Location: Exeter, CA
Are you a student or parent at Kaweah High School? Want to understand how to get the most out of high school?
We've written the best guide to Kaweah High available. Here we'll cover:
- Breakdowns of student ethnicity, gender, and family income
- How safe Kaweah High is to attend
- SAT/ACT/AP scores earned by Kaweah High students
- Which AP/IB classes you can take at Kaweah High
- Every sports team you can join at Kaweah High
Let's get started!
Kaweah High School is a public magnet school, supporting grades 9 to 12 . It's located in Exeter, CA in Tulare County.
Based on its location, Kaweah High is classified as a school in a rural fringe area, near an urbanized area. Here's the location on a map:
Kaweah High School21215 Ave. 300 Exeter, CA 93221-9731
Phone number: 5595924420
Kaweah High School homepage: http://www.exeter.k12.ca.us/khs/
Principal: Darin PaceEmail the principal: [email protected]
The total enrollment at Kaweah High School is 48 students, making it a small high school, in the bottom 25% of all California high schools by size.
With at most a few dozen students in your class, you'll get to know most other Kaweah High students well. But the small student body size may mean that you won't get access to the full range of activities and classes that other high schools offer.
If you find that your interests aren't well served by Kaweah High, consider transferring to a larger high school if possible, or find ways to supplement your interests in your community or on the Internet.
Growth in Student Body Size
Is Kaweah High School growing or shrinking? This will help you see trends in where the school is headed.
From our calculations, the enrollment at Kaweah High has steadily decreased over the past few years. We calculate this by comparing enrollment in grades 9 to 12.
|Male Students||Female Students||All Students|
As you can see in the table above, the senior class is 22 students larger than the freshman class. This suggests that Kaweah High is shrinking in size and taking on fewer students.
There are a few reasons this can happen. The population of Exeter could be decreasing, thus sending fewer students into Kaweah High. Alternatively, other schools (like charter or private schools) might be appearing, drawing students away.
Are there more boys or girls at Kaweah High School?
From our statistics, Kaweah High has a 73:27 split between male and female students in the high school grades.
There is a large male majority at Kaweah High, and much more than you would expect from the general population in Tulare County. As a result, it'll feel like there are a lot more girls than boys in your classes.
Sometimes this imbalance can result from random chance and may not suggest anything about Kaweah High. In other cases, the school might preferentially select for males. For example, in our data we find that continuation high schools unfortunately seem to be male-dominated. In yet other cases, other neighboring schools might attract female students, drawing them away from Kaweah High.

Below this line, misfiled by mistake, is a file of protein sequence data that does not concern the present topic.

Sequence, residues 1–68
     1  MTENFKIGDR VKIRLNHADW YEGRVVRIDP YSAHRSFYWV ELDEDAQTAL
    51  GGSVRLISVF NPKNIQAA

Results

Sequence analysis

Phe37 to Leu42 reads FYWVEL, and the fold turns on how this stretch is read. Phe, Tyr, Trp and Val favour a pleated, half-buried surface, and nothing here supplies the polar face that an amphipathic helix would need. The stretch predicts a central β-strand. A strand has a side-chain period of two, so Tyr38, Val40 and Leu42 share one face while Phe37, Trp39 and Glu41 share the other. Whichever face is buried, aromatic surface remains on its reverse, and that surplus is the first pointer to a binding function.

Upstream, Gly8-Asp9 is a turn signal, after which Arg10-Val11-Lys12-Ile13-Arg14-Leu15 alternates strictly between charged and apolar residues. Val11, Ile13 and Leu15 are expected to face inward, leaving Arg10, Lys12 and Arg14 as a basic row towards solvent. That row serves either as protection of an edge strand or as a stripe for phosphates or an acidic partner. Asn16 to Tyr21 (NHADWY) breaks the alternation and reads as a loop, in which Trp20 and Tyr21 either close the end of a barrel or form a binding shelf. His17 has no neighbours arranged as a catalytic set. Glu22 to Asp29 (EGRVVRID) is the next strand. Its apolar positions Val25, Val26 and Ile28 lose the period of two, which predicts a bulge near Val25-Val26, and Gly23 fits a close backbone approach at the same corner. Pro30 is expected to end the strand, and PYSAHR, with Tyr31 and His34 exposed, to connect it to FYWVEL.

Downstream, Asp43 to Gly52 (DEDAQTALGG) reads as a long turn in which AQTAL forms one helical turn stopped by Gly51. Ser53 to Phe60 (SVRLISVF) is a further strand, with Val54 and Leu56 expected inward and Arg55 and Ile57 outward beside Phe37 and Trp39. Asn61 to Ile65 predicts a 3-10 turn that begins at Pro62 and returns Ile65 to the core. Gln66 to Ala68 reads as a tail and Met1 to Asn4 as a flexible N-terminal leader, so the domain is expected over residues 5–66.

If the male majority is concerning to you, we suggest contacting Kaweah High administration and asking if they have any thoughts about why there's a gender imbalance. Their phone number is 5595924420.
What's the racial diversity at Kaweah High School? Does one ethnicity make up most of the student body, or is it fairly balanced?
From our statistics, Kaweah High has a somewhat homogenous student body, with the majority of students identifying as one ethnicity, but not representing over 70% of the student body. Most schools in California fit this profile, so Kaweah High isn't out of the ordinary. Most students attending class with you will be of the predominant ethnicity, but there will be meaningful diversity from other races.
The majority of students at Kaweah High are Hispanic. In California, Hispanic students make up the majority of all students at 51.5%, and are thus the most common ethnicity. Predominantly Hispanic schools are the most common type of homogenous school, and Kaweah High fits within this category.
|American Indian/Alaska Native||0.0%||0|
|Hawaiian Native/Pacific Islander||0.0%||0|
|Two or more races||0.0%||0|
High schools usually reflect the population in the surrounding area, so the ethnicities of students likely resembles those of Exeter. If you'd like to see how other nearby schools look in diversity, just google "[name of school] prepscholar" to find our guide to that specific school.
Income Level of Kaweah High Families
What are the family incomes of students at Kaweah High School? To determine this, we look at the number of students who qualify for free or reduced lunches, a classification by the US federal government.
To qualify for a reduced price meal, family income needs to be below 185% of the federal poverty guidelines. For a family of 4, this means an income of around $45,000 or below.
To qualify for a free meal, family income needs to be below 130% of the federal poverty guidelines. For a family of 4, this means an income of around $32,000 or below.
The lower the percentage of students who qualify for free or reduced price meals, the higher the income levels are likely to be.
At Kaweah High, 0.0% of students qualify for reduced-price lunches, and 54.1% qualify for free lunches.
This means Kaweah High has a below average level of poverty. With most students not qualifying for free or reduced price lunches, Kaweah High is below average among California schools in poverty level. The income level of families in Exeter is thus likely to be relatively high.